Why is biodiversity important to ecosystems and people?
Ecosystems are composed of complex relationships between organisms and their physical environment. These relationships are constantly fluctuating, and are rarely predictable. This relatively simple concept has eluded western scientists until quite recently. Ecosystems have been treated like machines that will supply our needs as long as some basic conditions are optimized. For example, species deemed to be undesirable are removed and replaced by commercially valuable species that are “harvested” at constant rates. This however ignores the complex relationships in ecosystems and the importance of biodiversity, and has had some catastrophic consequences.
Different species fulfill important functions within the ecosystem. For example, they may be photosynthesizers, decomposers, herbivores, carnivores or pollinators (see figure below). In ecosystems that have many species that can fulfill a given function, the ecosystem is more resilient. In other words, it is able to respond to disturbances such as disease or fire without collapsing. This apparent redundancy is a very effective insurance, for if one species succumbs to a disease, its “function” in the ecosystem is taken over by another species. Ecosystems with limited diversity, including monocultures (areas entirely dominated by a single species, as in most agricultural crops), are much more prone to disease than diverse natural systems.
Why is biodiversity important to people?
Humans depend on functions performed by the world’s ecosystems. Ecosystems produce oxygen, purify and detoxify the air and water, store and cycle fresh water, regulate the climate, form topsoil, prevent erosion and flood damage, and produce raw materials, foods and medicines. Most of these ecosystem services cannot be replaced by human technology, at any cost. Biodiversity is the ‘library’ of species and genetic information that allows the Earth’s systems to function.
Some economic and social arguments further illustrate the importance of biodiversity:
- The value of the world’s ecosystem services has been (conservatively) estimated at $33 trillion per year.
- The state of New York discovered that wetlands and other natural systems in the watershed accomplished water purification and filtration that would require an $8 billion water treatment plant to replace. Protecting and remediating these natural systems cost much less.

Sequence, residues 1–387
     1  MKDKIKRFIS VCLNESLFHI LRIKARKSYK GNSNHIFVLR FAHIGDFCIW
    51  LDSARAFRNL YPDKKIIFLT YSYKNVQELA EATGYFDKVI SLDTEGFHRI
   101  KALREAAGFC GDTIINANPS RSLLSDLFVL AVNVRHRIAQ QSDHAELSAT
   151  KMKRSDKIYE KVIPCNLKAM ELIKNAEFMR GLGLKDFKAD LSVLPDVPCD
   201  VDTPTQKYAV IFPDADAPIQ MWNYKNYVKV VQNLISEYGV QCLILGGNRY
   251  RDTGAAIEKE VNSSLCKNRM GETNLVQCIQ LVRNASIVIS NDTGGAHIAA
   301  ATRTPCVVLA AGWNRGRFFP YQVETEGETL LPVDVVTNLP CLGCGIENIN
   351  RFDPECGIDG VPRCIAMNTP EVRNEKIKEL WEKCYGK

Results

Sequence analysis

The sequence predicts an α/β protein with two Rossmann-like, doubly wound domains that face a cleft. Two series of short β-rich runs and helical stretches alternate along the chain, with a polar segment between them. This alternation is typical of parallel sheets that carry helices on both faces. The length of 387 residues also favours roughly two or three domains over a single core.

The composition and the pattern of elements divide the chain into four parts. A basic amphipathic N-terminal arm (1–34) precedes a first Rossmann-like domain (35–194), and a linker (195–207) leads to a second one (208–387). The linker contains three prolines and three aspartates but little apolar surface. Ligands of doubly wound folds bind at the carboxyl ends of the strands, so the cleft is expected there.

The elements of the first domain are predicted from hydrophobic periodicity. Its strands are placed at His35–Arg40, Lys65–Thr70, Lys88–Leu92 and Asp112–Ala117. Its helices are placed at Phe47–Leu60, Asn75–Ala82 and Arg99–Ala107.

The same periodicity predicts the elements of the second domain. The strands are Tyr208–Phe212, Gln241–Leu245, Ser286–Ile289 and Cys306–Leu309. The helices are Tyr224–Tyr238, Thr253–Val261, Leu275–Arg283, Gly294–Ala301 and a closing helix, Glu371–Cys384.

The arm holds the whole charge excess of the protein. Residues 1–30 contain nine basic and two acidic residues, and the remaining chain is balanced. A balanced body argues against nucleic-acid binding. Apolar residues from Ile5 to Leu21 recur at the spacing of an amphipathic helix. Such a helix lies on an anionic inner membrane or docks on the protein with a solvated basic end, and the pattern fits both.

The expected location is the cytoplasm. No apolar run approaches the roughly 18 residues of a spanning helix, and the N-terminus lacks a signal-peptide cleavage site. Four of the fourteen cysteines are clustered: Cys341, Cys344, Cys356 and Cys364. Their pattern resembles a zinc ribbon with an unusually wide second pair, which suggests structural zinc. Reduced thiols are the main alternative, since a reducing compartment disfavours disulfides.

- Over 75% of staple food crops and 90% of flowering plants worldwide depend on pollination by insects and other animals. Between 100,000 and 200,000 species of animals act as pollinators, and their populations are declining.
- Crop diversity is substantially falling as agri-business is taking over food production from small family operations that once supplied our population. The practice of saving seeds is being abandoned in favour of hybrid varieties that require reseeding every year, as well as large amount of chemicals. This trend affects the self-sufficiency of farmers worldwide. Reduction of genetic diversity of food crops makes these crops more susceptible to disease and pest outbreaks.
- Non-timber forest products such as wild foods, floral greens, herbal medicines and edible and medicinal mushrooms may be sustainably harvested from a healthy forest. If carried out with respect for the environment and for First Nations knowledge, this emerging industry may be worth many millions of dollars to the economy. These plants and fungi are part of natural diversity in forests, and are less abundant in areas that have been clear-cut.
- Virtually all natural and pharmaceutical medicines are composed of (or derived from) natural compounds of plants, fungi, microbes and animals. In areas of severe environmental degradation, many species with known or undiscovered healing properties are threatened with extinction.
- The highly biodiverse coastal environment (of Br. Columbia) contributes 4.5% to the provincial GDP.
Many people also believe that plants and animals have the right to exist, that they have value in and of themselves. This intrinsic value does not depend on any utility for human benefits.
In summary, the known and unknown species of the world may one day provide us with answers to questions we do not yet know how to ask. Given how little we know about how nature functions, preserving biodiversity is an important investment in our future, and a priceless gift to future generations.